In this episode:
- Don’t forget to become a Theodio Premier Subscriber. Offer ends when 2020 comes to a close.
- An explanation of the historical and literary references Thomas Brooks uses here
- The relevant segment of the Precious Remedies audiobook
- One more reference explanation from the end of the book segment
- Episode blog post: Four ways wealth can wreck your Christian life
- The first post in the chapter 2 series: Deceit: Satan fishes with a hook
- Precious Remedies on Kindle
- Podcast introduction: Yabo Obien
- Logo and marque: Jeff Lyons at Light & Story
- Original music: Makeup and Vanity Set
- Kindle version of Precious Remedies against Satan’s Devices by John Hendryx at Monergism.com
- Text for Precious Remedies provided by GraceGems.org
This is the Theodio Podcast. I’m your host, Dan Kassis
Are you wondering what this Theodio thing is, exactly? Visit Theodio.com and read the About page. It’s linked up in the header of every page on the site. That will give you some good background on what we do here, and why.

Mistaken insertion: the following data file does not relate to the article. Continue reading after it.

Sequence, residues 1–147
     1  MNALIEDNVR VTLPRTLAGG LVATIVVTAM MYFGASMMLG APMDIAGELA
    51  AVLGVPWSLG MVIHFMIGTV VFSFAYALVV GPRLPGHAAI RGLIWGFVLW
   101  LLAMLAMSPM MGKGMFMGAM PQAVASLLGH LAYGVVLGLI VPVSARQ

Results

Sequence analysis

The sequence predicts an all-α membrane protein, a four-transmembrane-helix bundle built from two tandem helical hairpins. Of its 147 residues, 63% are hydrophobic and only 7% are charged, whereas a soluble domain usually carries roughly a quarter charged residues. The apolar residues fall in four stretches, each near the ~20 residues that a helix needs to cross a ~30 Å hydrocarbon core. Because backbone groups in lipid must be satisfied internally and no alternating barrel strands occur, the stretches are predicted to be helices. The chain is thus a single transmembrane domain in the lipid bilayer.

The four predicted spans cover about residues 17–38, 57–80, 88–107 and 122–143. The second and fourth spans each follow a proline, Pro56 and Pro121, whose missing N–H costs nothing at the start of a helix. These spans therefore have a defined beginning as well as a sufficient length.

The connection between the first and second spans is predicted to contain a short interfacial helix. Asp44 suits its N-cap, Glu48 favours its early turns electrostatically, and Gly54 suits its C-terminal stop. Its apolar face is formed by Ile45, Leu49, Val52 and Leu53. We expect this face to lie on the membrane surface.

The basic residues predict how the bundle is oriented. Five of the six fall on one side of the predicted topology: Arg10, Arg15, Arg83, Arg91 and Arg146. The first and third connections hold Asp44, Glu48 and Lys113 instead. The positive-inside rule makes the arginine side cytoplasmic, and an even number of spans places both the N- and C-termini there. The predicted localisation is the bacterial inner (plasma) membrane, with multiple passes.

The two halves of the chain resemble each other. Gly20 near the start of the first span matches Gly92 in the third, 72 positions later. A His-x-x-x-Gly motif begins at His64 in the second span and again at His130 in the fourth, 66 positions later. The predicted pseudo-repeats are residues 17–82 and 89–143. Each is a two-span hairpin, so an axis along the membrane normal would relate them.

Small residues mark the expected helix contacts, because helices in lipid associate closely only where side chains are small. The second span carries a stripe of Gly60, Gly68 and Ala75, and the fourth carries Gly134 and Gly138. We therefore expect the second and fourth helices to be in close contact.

Maybe this is your first time listening. It’s great to have you with us. Last time we finished chapter 2 of the book we are studying, Precious Remedies against Satan’s Devices by Thomas Brooks. That chapter was about 12 ways our enemy tries to lure us into sin. Consider going back and catching up with it sometime. I’ll link to the first post in the show notes.
And if you don’t want to miss any future posts, subscribe to the blog in the right sidebar of the homepage or at the end of any post.
As I said, chapter 2 of Precious Remedies focuses on the schemes our enemy crafts to lure us into sin. As we now move into chapter 3, we become familiar with the tactics Satan employs to discourage Christians from faithful service, from devotion to God, and from good works.